Jess: Inclusivity is such a difficult term and often used far too freely. We don’t consider ourselves to be an inclusive brand because we know there are sizes we’re excluding. We’ve tried to be as inclusive of large bodies as we can be, offering free grading to folks who our sizes are too small for, and also being super responsive via email suggesting things like sizes and fit fixes. We’ve also tried to be inclusive by thinking about how bodies change throughout the size range. We’re not simply grading up and down from our sample size but actually making tweaks and changes every couple of sizes so we’re including and properly fitting those bodies at that size.
Leila, you’ve spoken recently about fatphobia and identifying as ‘fat’ – are you able to speak more to this?
Leila: The reclamation of the word fat, from pejorative to descriptive, is gaining momentum. I believe it’s an important part of dismantling the fatphobia we see in society. If you change your mindset from fat being something shameful or undesirable to a simple descriptor, equivalent to, say, “My hair is black,” then it begins to lose its power. We need to see diverse bodies as a natural variation, much as we see eye colour. There’s a lot of writing about this, especially the work of Roxane Gay and Aubrey Gordon.”
‘STATE OF THE ART’ Aboriginal Art Co is rewriting the script and empowering First Nations artists to reclaim space in business, as Wiradjuri, Ngemba and Paakantji writer Gemma Pol finds out.
“Art is a sacred medium for storytelling in First Nations cultures. But commercialising our art and stories, at least in a western sense, is a relatively new experience for First Nations peoples. Many First Nations artists live in remote areas of so-called Australia, where access to resources like internet and business support is limited. Often motivated by the desire to help, many non-Indigenous people have established businesses to provide platforms for First Nations creatives to sell their art. But even with the most genuine of intentions, problems arise.
This is largely because of the white saviour complex – subtle, usually going unnoticed by the white gaze, but toxic to those presumed to need saving. When relationships between First Nations creatives and non-Indigenous people are grounded in perceived charity, the artists are subject to the deeply embedded power imbalances that emerge from ongoing colonial thinking. This manifests in artists not being paid fairly or their art and stories being misrepresented, misused or appropriated. Many artists can speak to these struggles, but for First Nations artists, the risks are heightened because our art uses complex symbolism that transcends aesthetics.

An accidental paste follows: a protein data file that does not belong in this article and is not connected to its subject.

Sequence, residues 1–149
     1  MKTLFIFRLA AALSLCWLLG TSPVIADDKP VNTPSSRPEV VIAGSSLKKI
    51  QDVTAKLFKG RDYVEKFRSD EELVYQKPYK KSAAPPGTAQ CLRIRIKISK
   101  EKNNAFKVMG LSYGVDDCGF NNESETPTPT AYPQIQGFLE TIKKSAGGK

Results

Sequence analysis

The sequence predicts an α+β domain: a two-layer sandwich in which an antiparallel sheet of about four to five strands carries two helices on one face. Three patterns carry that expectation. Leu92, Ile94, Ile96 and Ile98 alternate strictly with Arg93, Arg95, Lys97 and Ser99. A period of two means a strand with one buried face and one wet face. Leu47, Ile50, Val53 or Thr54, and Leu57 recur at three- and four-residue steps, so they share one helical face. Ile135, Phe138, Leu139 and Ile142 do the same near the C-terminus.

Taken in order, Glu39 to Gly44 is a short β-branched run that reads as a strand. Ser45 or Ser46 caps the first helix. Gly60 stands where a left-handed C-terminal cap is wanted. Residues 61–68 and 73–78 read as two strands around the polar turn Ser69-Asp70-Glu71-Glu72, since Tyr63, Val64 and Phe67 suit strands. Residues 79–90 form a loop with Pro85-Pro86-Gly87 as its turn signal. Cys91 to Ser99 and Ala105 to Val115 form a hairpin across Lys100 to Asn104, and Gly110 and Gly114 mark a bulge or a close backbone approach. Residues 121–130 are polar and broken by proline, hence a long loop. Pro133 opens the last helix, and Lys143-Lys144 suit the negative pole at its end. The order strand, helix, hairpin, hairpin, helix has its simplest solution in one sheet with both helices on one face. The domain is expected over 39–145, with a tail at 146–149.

Our symbols are visual forms of knowledge that express ancient stories and cultural intellect. No one knows our stories like we do. We don’t need white saviours. We need self-determination.
‘A MATTER OF FACT’ Could spreading half-truths and supporting hearsay be doing the fashion sustainability more harm than good? Words by Emily Lush.
“If there’s one ‘statistic’ that’s become synonymous with the sustainable fashion movement over the past decade, it’s this: the global fashion industry is the second most polluting industry after oil.
This one-liner, or some version of it, does everything it should – shocking in its brevity and haunting in its conciseness, it’s the ideal rallying cry to inspire consumers to pause at the checkout and to pressure brands to strive for something better. Repeated across numerous company mission statements and intoned at countless panel discussions, it’s become so ingrained that few have thought to question its legitimacy. It feels true – but the problem is, there’s no real evidence, and certainly no source, to back it up.“
Nature doesn’t care about marketing. A science and research-based approach is the only way we can ensure we are making measurable change. – Maxine Bédat, New Standard Institute
‘CURL, INTERRUPTED’ Choosing a hairstyle is so much more than a simple beauty decision for people of colour, especially women, with race-based hair discrimination still deep-rooted in our society. Words by Desta Cullen.
“Our kinky, curly, wavy hair has been pulled and pushed down, straightened and ‘tamed’ to do simple things like be allowed to go to certain schools, to get that office job, to feel, dare I even say it, ‘beautiful’,” says Lisa Fa’alafi, a Samoan-Australian director and choreographer known for pushing the boundaries of gender and culture.
“Most BIPOC women with Afro or curly hair will understand this battle of loving our natural hair, because we’ve had to unlearn this embedded idea, we’ve had to do the work to decolonise our own perceptions.”